Patrick Lambert looks at the rash of stolen password exploits and how websites are trying to move beyond passwords only as a security check.
We've talked a lot about passwords. In fact, they have been in the news like crazy in the past couple of weeks. First there was the LinkedIn incident, where over 6 million LinkedIn account names and unsalted SHA1 passwords were released. The fact that they were unsalted meant that it was trivial for hackers to recover all of the basic ones, and because they were hashed using SHA1, it meant that most nine-character or less passwords could be cracked inside of a few hours. Then, we saw the same story repeat itself for various other companies like Last.fm and the popular matching site eHarmony. In each case, we see what happens when a hacker manages to get a hold of one of the most sensitive databases a company can hold on behalf of its users -- the account names and passwords. And these are fairly large sites, so it really can happen to anyone. When a user doesn't lose their account credentials because of malware or brute force, they never know when they will lose them because the company itself gets exploited by a security vulnerability. That's why many security experts have been pushing companies and sites to move beyond simple passwords.
Let's face it, user names and passwords are a crappy way to deal with account security. We're basically relying on having every single user to remember an obscure series of numbers and letters in order to log in. There are so many potential problems with this, that it's no surprise we've had so many breaches in the past years. Users can forget their passwords, which means all sites need a password recovery link; these passwords may be weak, which means they can be brute forced; and any time the secret string gets out in the wild, then it's too late, and users are left scrambling to change their passwords before their accounts are exploited for some nefarious reason. And even sites that think they are doing everything right can be wrong, because the bad guys always go for the weak link, and all they need is one hole to enter, whether that's exploiting a weak password recovery tool, finding a way to place malware on users' computers with phishing attacks, or finding a weak point of entry into the company network, and then stealing the master database. So it's clear that the time has come to move to other models.
Rely on a third-party
One model is to use a third-party authentication service. A lot of sites don't even want to bother with accounts, along with all the hassle of keeping local security around their password databases; instead, they rely on things like Facebook or Twitter logins. This has a number of advantages like relying on a much bigger, most likely more secure site to deal with security, and offering the user the option to log in without having to create a new user account for your site. Of course, there's also a big disadvantage in that you don't control those accounts, and you rely completely on that third-party company. While they are happy to provide you the service, they could cut you off at any time, and aren't responsible for any breach. While this is a convenience that many sites adopt, from a security standpoint. it's debatable whether the benefits outweigh the disadvantages.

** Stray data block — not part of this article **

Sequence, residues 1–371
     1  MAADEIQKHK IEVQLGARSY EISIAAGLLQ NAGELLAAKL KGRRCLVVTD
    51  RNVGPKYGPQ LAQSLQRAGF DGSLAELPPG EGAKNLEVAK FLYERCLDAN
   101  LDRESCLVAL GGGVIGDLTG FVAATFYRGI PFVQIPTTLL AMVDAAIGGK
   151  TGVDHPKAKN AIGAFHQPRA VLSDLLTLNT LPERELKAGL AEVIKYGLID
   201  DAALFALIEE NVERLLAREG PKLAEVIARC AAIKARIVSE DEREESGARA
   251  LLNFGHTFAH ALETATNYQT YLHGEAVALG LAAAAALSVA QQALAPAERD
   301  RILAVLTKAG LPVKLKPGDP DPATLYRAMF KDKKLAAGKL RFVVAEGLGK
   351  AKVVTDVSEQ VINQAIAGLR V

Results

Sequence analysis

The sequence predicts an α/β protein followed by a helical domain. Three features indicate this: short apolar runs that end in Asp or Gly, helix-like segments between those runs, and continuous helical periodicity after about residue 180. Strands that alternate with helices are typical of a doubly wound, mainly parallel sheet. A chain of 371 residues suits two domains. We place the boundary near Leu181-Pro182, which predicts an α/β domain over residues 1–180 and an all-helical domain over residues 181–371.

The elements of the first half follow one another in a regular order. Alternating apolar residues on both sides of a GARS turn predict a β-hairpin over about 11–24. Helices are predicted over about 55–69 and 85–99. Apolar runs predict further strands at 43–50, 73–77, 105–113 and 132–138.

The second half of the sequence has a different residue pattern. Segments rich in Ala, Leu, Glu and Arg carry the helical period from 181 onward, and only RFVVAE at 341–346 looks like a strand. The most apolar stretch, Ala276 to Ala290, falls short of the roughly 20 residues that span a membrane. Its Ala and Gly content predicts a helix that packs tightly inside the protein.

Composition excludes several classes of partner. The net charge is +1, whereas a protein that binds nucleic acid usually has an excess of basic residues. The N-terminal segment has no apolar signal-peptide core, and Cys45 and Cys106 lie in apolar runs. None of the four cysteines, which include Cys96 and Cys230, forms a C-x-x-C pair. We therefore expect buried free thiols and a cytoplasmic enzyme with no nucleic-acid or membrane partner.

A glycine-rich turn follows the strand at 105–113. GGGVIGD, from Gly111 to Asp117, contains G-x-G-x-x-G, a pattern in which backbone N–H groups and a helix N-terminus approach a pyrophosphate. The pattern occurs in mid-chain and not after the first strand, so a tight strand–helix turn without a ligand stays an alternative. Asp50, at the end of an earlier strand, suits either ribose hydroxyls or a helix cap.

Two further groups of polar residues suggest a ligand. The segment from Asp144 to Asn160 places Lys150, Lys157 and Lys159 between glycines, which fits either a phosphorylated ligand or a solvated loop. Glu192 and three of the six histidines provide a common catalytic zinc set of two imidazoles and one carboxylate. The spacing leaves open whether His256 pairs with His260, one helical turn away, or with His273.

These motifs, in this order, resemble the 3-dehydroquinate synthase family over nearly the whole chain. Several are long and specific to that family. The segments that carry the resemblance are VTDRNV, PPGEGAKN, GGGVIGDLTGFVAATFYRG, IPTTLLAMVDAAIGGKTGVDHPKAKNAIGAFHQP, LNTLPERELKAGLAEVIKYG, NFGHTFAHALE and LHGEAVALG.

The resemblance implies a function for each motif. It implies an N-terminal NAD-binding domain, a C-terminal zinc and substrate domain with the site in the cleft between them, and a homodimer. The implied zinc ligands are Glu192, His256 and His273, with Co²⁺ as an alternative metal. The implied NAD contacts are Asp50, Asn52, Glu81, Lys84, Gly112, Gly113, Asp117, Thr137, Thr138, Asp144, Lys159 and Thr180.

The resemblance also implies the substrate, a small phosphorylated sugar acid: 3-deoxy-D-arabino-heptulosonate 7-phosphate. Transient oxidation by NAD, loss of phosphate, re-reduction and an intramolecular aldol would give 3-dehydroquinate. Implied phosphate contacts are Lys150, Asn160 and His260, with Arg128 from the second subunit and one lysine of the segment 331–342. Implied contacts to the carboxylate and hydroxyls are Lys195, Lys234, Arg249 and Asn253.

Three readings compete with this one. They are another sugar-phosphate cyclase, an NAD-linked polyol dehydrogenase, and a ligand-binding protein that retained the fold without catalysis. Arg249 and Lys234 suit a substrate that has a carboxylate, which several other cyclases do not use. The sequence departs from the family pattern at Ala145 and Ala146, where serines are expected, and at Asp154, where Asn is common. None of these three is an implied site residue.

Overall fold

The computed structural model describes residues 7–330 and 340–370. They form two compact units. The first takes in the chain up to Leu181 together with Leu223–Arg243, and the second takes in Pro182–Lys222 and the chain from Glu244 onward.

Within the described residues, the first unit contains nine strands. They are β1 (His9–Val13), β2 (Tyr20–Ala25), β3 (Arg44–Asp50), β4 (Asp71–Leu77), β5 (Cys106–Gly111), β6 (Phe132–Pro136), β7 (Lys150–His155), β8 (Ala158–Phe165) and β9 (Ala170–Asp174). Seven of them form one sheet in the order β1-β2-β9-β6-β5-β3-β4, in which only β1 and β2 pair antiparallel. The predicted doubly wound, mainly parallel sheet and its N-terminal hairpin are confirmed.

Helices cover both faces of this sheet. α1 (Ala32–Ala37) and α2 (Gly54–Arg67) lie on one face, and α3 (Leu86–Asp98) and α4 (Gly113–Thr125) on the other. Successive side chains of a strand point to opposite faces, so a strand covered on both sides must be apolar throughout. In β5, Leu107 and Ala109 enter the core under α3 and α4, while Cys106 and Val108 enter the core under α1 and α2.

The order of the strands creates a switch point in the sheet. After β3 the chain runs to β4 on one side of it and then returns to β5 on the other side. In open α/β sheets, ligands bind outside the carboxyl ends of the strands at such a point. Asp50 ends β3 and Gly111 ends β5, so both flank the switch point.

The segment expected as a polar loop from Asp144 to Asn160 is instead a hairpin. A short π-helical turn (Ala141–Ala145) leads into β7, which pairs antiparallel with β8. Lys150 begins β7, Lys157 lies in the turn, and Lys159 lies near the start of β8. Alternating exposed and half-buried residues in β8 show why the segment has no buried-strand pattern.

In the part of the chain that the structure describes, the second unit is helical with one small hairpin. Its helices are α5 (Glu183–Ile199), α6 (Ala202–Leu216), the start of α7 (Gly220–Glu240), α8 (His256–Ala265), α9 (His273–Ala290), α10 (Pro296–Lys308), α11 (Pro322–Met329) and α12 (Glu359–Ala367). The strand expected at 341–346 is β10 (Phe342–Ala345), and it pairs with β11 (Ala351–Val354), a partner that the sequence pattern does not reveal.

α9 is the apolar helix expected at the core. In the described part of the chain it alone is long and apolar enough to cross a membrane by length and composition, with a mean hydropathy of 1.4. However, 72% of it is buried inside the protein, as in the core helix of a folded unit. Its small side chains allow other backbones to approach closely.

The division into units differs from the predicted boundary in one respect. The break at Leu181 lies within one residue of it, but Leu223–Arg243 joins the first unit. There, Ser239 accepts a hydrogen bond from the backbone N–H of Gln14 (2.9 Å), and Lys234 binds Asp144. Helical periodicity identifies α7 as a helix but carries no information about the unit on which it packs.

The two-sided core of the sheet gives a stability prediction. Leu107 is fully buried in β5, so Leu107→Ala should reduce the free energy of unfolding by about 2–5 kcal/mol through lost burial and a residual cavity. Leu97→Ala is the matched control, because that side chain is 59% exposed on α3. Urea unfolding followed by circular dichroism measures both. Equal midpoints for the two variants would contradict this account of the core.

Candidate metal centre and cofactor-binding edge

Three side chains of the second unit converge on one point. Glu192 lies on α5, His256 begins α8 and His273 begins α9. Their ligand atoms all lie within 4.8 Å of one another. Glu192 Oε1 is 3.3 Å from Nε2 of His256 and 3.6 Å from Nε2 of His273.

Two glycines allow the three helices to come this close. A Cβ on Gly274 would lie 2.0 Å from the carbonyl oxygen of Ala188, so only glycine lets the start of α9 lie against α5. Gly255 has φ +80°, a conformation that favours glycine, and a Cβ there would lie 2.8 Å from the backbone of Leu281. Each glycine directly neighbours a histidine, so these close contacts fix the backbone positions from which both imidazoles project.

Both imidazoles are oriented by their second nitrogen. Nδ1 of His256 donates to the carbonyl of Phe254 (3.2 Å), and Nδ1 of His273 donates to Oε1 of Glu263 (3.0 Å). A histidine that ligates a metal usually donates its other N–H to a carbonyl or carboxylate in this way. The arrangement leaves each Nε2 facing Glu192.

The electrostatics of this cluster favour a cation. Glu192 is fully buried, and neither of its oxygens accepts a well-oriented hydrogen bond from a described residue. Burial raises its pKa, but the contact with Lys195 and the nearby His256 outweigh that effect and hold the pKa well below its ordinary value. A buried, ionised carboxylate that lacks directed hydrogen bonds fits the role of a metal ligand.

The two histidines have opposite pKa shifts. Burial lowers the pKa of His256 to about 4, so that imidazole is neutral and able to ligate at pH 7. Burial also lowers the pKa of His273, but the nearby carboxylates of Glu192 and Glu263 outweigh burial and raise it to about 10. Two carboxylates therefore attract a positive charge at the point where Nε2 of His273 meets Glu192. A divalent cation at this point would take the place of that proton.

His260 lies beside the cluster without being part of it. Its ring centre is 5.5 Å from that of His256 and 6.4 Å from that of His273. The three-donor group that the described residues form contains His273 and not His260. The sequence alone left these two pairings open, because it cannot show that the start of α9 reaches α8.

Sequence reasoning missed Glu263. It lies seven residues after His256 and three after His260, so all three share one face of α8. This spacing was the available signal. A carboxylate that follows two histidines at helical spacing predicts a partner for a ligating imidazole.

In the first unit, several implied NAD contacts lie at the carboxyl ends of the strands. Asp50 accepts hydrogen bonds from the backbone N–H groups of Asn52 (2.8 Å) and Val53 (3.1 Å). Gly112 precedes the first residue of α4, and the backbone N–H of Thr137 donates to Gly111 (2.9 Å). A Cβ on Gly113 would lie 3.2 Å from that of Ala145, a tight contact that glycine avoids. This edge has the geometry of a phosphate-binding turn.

Instead, a much more secure way to deal with passwords is to add a two-factor authentication system. Perhaps the most well known is Google, which implemented its own system just a few years ago. Now, a lot of sites are using the same model, where they provide either a physical token or a smartphone app, and users simply produce a new token any time they want to log in. Of course, it is a bit more inconvenient for users, but as most security researchers know, security and convenience are usually opposites. Here, the benefits of having a two-factor authentication system are very clear: nobody can get into your account by obtaining your password, unless they also somehow manage to get your phone. While you may think that for a smaller site it's not worth creating a whole token or smartphone app, it's actually much simpler than that. Most people don't realize that the Google Authenticator, an app available for all major smartphones, is using fully open source code, and allows anyone to add identification tokens. There is demo code out there showing that it's possible to make your own two-factor authentication login system using the Google Authenticator in just a few minutes.
Of course, like anything else in security, don't assume that any one system is fully secure and you will never have to worry again about it. Just recently, someone actually found a way to bypass Google two-factor authentication to get into a company. As a company executive explained, it seems like the hacker went after the phone company in order to redirect the voice mail of the administrator to his own number, so that he could get Google to send him an authentication code, and the real administrator wouldn't be aware of it. So again, while the Google system was fine, because AT&T got socially-engineered by the hacker, that was the one weak point in the chain, and everything else came crashing down around it. So like anything else, it's always a matter of using the best methods you can, without inconveniencing your users too much. There's no question that two-factor authentication is a good system to use, but remaining always vigilant with sound auditing policies, intrusion detection systems, well stored salted passwords, and trained staff, is also crucial.
Are we stuck with passwords for the foreseeable future or do you expect to see more advanced methods of authentication rolled out?